If you haven't gotten your fill of new products after last week's Bild Expo—and there was a cornucopia of news—then we have another exciting week for you. In the leadup to IBC, which opens today in Amsterdam, The Netherlands, we will be sharing multiple announcements with a good mix of photo and cinema products.
Perhaps the biggest news is the launch of the Sony BURANO, a CineAlta camera that fills the gap between the top-of-the-line VENICE 2 and FX9. Another big announcement for IBC is the release of the full-frame Blackmagic Cinema Camera 6K. There is also an upgraded GFX100 II from FUJIFILM for medium-format aficionados and Panasonic has the G9 II Micro Four Thirds camera for compact system fans. Plenty of other video news is coming in, as well, with DZOFilm lenses, the ARRI SkyPanel X LED system, and more.
Let's get into it.
Sony designs BURANO CineAlta camera for solo shooters
There has long been a major gap in Sony's Cinema Line. When you advance past FX9, your next choice is jumping a large gap to the VENICE. Not only is this a major leap in price, it is also a serious difference in operation and functions which, unless you have a film crew, you may not be able to make the most of without serious effort. Thhe BURANO is here to fill this gap. This CineAlta camera is a smaller, lighter take on the VENICE imaging platform that is ideal for solo shooters.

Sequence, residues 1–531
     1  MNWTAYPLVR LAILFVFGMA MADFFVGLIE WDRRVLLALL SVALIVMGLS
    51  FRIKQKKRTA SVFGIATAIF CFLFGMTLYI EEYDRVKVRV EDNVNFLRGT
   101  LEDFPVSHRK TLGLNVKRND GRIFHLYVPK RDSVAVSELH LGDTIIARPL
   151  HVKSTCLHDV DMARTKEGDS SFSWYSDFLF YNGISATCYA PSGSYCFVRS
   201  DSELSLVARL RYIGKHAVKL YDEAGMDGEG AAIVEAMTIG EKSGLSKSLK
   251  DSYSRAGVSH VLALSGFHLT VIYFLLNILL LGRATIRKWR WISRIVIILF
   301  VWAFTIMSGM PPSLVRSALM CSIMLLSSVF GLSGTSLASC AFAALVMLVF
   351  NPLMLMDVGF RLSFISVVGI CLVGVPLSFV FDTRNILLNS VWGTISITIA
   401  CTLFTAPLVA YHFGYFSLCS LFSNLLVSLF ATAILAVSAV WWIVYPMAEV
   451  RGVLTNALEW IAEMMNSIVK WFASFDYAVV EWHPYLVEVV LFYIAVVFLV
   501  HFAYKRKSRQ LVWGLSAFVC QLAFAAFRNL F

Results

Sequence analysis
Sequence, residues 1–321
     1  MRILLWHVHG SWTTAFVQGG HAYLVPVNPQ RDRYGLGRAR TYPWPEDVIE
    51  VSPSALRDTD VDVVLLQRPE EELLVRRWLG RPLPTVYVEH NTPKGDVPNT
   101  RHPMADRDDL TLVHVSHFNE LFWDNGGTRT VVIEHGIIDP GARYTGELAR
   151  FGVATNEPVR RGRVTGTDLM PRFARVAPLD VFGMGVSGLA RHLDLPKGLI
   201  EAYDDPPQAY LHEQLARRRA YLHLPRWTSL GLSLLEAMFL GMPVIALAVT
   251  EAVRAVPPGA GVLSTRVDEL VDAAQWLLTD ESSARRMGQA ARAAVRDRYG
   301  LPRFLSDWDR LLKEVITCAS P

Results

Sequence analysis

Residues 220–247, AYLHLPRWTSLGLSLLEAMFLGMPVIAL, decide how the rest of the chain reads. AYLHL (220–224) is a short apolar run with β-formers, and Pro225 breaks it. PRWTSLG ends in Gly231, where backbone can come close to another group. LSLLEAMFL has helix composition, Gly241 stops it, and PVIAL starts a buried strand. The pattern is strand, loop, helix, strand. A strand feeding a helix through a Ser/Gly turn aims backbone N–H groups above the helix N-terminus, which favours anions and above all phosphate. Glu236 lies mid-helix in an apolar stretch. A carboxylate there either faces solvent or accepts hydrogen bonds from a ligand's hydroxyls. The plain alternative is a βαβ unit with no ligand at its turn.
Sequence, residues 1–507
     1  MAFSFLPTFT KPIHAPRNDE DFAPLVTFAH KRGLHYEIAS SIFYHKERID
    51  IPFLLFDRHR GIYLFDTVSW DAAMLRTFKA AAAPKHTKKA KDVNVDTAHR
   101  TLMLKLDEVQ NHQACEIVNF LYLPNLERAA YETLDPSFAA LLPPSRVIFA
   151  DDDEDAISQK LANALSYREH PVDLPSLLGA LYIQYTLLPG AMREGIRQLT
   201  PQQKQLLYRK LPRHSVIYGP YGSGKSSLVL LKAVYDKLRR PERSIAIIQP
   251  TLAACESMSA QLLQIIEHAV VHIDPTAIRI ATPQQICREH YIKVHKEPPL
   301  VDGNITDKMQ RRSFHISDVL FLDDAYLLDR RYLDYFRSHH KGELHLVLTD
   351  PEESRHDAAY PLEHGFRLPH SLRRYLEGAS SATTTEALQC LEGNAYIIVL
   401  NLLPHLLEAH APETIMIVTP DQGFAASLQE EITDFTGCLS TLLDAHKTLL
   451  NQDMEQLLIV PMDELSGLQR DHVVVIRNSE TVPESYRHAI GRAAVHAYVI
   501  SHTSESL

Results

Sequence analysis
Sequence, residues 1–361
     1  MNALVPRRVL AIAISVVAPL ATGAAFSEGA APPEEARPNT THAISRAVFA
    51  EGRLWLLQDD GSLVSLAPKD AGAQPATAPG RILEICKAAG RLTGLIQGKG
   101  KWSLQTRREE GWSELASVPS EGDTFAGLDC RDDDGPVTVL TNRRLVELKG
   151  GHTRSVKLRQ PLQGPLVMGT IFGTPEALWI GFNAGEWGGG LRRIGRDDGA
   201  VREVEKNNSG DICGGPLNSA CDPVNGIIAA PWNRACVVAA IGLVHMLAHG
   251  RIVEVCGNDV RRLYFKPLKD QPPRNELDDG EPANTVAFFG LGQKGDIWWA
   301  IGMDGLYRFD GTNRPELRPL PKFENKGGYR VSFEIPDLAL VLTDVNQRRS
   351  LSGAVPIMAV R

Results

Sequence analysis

Featuring an 8.6K full-frame sensor, the BURANO can deliver imagery that is a near-perfect match to the VENICE and other Cinema Line cameras, like the FX6 or FX9. It also blends the best of the CineAlta and FX lineups by incorporating interesting features from each.
For example: the BURANO features a removable PL mount, revealing an active E mount that supports Fast Hybrid AF (phase-detect); the camera has in-body image stabilization—two features from the FX models. It also takes on the electronic variable ND filter from the FX line for rapid, smooth exposure adjustments.
As for the CineAlta specs, that sensor is a big part of it and it can record in up to 8.6K resolution at 30 fps using the X-OCN LT codec for ultimate image quality. With 16 stops of dynamic range, this camera will deliver class-leading imagery. A handy feature that splits the difference between the CineAlta and FX lines is the use of CFexpress Type B, a powerful consumer format that provides excellent speed and is readily available.
All these features combine to make the BURANO an outstanding choice for independent filmmakers, documentarians, and solo operators.